Child Psychiatry: Lots of Wisdom, Not Much Data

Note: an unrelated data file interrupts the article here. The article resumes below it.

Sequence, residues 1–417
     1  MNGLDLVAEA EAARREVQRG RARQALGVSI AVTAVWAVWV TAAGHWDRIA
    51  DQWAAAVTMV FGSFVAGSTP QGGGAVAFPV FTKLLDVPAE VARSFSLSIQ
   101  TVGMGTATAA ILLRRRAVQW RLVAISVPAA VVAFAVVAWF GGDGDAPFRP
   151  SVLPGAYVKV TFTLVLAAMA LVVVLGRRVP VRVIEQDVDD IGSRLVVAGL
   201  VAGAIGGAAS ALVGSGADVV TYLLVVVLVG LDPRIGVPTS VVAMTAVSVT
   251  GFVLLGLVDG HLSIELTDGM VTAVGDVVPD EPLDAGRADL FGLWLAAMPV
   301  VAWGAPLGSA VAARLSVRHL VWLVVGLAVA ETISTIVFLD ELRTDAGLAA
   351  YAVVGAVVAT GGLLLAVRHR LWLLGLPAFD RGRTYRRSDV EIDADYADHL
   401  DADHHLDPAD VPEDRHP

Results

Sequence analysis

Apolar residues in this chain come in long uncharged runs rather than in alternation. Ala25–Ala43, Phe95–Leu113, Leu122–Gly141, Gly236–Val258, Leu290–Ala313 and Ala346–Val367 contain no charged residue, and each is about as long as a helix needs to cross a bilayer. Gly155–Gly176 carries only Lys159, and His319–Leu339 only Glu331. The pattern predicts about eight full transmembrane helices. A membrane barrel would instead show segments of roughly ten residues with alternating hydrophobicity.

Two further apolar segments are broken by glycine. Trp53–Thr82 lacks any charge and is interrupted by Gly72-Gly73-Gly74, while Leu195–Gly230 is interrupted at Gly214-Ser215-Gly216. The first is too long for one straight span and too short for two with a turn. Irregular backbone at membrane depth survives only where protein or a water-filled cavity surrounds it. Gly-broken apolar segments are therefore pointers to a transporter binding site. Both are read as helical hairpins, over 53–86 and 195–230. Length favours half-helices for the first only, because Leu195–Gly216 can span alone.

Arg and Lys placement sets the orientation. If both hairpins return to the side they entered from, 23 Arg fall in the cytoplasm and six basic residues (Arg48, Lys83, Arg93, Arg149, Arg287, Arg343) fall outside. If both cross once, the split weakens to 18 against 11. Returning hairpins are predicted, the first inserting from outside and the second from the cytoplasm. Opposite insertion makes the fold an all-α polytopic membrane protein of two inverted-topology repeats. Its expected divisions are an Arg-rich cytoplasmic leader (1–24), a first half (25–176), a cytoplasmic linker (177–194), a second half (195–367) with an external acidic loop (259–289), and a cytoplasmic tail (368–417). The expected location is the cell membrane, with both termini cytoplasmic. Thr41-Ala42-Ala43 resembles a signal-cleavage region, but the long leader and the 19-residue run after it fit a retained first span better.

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Originally published in Contemporary Psychology: APA Review of Books, 1978, Vol 23(11), 918. Reviews the book, Psychological Problems of the Child and His Family edited by Paul D. Steinhauer and Quentin Rae-Grant (see record 1978-12434-000). This volume is intended to be an authoritative and comprehensive introductory text on child and adolescent psychiatry. This area is approached from biological, developmental, psychoanalytic, and systems perspectives. Overall, this book represents an improvement over most other texts in child psychiatry. Its major shortcomings are threefold. First, although it is repeatedly stated that there are many ways to conceptualize disorders of childhood, the volume fails to address controversy in terms of either theory or practice. Second, empirical facts are seldom differentiated from clinical speculation. Third, what data exist regarding the accuracy of diagnostic decisions and the outcome effectiveness of various modes of treatment are consistently ignored. As a general overview of the field of child psychiatry this text has considerable merit. However, it fails to give the reader sufficient information concerning the extensive research literature that is forming a new foundation for this field of study. (PsycINFO Database Record (c) 2006 APA, all rights reserved)

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